On the Englifh Long-Bow.
Part 8 of 12
Archers, however, feem to have been again in ufe among the French armies, during the fucceeding reign of Charles VIII. as Philip de Comines makes mention of them at the battle of Fornova, (or Fournue) at which there were many Scotch Archers.166
During the time of Francis I. the Bow feems to have been almoft entirely difufed. P. Daniel fays, that in the year 1522, there was but one Arbalefter in the army, at the fight of Bico; but this one Archer was fo expert, that an officer named Jean de Cardonne, having opened the vizor of his helmet to take breath, this man ftruck him in the unguarded part with his Arrow and killed him.167
Though the Bow was not ufed in this expedition, it was ftill practifed by the inhabitants of Gafcony; and in the reign of Francis I. was ftill introduced in battle.168
Fire-arms after this time became more general, and in a fhort period altogether excluded the Bow and Arbaleft, as warlike inftruments.
The name of Archers, however, was continued to thofe in particular offices for fome years, and even to the prefent day the minifters of executive juftice, retain the title.
The decay of the ufe of the Bow, in our country, fo much regreted by Englifh writers, was attributed to two caufes; firft the fafcination of feveral games and diverfions to which the yeomanry were partial; and fecondly, the introduction of fire-arms.
We cannot wonder that the unvaried ufe of the Bow, fhould in the procefs of time become irkfome; and it is reafonable to fuppofe, that foldiers tired with war, would feel greater pleafure in trivial amufements, if new, than in the familiar practice of Archery. The natural love of variety would foon operate, fo as to make compulfive laws neceffary.
With refpect to the fecond caufe, the introduction of artillery; it was flow, but at length efficacious in fubverting the ufe of the Bow in battle.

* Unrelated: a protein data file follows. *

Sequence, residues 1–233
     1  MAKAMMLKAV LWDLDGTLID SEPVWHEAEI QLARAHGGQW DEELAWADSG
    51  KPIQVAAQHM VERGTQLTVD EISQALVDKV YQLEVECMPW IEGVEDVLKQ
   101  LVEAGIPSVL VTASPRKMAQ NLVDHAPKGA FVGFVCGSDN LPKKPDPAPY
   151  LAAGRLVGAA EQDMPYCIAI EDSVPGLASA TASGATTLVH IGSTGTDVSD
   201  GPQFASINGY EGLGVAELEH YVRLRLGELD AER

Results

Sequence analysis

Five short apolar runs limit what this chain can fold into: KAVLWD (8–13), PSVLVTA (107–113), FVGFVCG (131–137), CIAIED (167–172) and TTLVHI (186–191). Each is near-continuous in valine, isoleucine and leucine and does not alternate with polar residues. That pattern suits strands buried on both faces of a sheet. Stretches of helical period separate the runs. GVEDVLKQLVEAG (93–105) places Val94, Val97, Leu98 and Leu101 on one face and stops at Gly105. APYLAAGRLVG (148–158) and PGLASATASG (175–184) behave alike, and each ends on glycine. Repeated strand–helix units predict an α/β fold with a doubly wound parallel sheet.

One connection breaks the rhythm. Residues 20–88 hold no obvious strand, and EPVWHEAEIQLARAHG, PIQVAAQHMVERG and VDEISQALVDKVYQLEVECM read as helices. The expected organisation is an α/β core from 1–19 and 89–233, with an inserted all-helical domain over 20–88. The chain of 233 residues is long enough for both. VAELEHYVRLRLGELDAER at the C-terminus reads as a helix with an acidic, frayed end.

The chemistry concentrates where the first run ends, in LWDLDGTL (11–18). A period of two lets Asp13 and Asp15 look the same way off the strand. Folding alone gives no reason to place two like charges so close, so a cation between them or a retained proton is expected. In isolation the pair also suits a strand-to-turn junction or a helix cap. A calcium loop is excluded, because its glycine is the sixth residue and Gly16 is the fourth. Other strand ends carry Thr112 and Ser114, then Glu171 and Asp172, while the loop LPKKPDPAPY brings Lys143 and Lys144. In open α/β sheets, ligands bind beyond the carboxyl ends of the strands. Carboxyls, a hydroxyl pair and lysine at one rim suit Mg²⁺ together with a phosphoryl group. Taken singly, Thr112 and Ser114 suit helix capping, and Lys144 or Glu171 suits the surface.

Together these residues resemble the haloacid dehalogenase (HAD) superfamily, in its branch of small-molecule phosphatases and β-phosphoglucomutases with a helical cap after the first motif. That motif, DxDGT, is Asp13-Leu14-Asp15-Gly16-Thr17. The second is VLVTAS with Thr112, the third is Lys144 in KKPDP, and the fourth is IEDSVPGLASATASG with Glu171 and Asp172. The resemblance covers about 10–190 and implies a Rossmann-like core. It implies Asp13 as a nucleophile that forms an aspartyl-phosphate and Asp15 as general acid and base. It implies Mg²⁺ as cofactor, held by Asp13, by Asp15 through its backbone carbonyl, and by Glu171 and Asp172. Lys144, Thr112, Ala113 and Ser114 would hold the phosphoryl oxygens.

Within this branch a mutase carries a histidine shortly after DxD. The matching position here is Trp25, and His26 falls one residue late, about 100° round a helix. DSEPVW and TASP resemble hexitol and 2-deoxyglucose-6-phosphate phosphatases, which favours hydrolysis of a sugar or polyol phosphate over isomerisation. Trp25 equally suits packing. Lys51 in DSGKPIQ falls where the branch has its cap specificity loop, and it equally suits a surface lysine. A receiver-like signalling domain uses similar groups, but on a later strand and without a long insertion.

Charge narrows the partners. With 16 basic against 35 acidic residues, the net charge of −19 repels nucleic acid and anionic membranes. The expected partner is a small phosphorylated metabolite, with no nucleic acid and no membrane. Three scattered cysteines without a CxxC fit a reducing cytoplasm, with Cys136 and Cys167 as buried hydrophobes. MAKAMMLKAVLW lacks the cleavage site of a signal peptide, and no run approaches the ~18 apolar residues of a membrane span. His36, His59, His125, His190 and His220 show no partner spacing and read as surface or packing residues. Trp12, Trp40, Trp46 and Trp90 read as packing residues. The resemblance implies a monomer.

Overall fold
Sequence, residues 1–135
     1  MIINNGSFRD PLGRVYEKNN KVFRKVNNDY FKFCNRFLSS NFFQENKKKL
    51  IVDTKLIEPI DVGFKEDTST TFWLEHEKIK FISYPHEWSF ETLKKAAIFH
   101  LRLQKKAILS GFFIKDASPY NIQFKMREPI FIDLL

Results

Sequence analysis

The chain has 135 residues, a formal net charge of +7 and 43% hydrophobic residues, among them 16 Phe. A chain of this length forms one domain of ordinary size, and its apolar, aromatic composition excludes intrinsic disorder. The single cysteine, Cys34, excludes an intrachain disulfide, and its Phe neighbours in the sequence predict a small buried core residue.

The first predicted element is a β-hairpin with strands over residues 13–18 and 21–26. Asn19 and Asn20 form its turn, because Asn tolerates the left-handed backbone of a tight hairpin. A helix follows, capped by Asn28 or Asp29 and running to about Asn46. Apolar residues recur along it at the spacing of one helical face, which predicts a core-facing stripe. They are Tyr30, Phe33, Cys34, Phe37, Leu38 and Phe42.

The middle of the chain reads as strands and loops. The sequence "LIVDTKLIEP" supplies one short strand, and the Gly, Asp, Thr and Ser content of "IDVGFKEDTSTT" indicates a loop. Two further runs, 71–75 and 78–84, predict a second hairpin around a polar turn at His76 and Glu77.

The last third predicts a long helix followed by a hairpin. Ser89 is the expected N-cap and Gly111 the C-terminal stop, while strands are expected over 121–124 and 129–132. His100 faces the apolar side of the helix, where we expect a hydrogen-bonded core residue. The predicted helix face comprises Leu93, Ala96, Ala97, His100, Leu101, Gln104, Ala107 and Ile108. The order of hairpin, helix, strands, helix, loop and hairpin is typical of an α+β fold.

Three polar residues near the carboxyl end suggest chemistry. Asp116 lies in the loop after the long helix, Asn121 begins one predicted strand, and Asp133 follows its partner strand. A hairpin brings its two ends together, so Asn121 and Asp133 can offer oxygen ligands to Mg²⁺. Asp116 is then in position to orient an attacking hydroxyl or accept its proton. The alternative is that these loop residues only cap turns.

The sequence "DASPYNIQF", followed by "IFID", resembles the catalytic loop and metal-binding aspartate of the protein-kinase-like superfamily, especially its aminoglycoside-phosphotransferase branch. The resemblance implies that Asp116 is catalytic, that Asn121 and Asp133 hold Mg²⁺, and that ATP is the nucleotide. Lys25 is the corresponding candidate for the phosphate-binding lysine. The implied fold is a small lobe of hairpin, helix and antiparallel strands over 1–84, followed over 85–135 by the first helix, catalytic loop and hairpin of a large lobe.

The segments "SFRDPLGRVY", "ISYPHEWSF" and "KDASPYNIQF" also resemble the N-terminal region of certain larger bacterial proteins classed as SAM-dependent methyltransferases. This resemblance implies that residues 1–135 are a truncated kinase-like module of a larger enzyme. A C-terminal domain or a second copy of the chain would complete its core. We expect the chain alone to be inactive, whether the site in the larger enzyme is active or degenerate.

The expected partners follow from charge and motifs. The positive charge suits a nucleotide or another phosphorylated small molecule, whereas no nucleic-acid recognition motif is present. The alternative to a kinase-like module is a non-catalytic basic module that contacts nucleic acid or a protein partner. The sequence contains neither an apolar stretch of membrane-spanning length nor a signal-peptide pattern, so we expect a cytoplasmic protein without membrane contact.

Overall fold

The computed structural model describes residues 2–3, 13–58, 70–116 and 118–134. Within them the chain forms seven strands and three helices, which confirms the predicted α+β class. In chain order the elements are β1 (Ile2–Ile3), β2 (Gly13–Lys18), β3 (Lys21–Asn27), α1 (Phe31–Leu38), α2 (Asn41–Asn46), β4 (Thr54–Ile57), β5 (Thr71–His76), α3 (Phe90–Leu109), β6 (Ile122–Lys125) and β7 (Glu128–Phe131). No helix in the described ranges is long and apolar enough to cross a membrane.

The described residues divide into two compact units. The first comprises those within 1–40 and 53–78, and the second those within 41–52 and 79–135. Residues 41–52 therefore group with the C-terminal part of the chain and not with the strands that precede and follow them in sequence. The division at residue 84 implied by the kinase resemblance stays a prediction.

It long remained a doubt which was the moft advantageous weapon, the Mufket or Bow. The doubt continued more than two centuries after the ufe of artillery in action, and even in the time of Elizabeth, the preference was by many, given to the Bow.
Sir John Hayward, in his life of the Norman kings, (printed 1613) after fpeaking of the effects of Archery at the battle of Haftings, compares the advantages of fire-arms, with thofe of the Bow and affigns four reafons for deciding in favour of the latter. "Firft," fays he, " for that in a reafonable diftance, it is of greater, both certainty and force. Secondly, for that it difchargeth fafter.169 Thirdly, for that more men may difcharge therewith at once; for only the firft ranke difchargeth the piece, neither hurt they any, but thofe that are in front; but with the Bow, ten or twelve rankes may difcharge together, and will annoy fo many rankes of the enemies. Laftly, for that the Arrow doeth ftrike more parts of the body; for in that it hurteth by difcent; (and not only point blanke like the bullet) there is no part of the body but it may ftrike; from the crown of the head, even to the nailing of the foot to the ground. Hereupon it followeth, that the Arrows falling fo thick as hail upon the bodies of men, as lefs feareful of their flefh, fo, more flenderly armed than in former times, muft neceffarily worke moft difaftrous effects."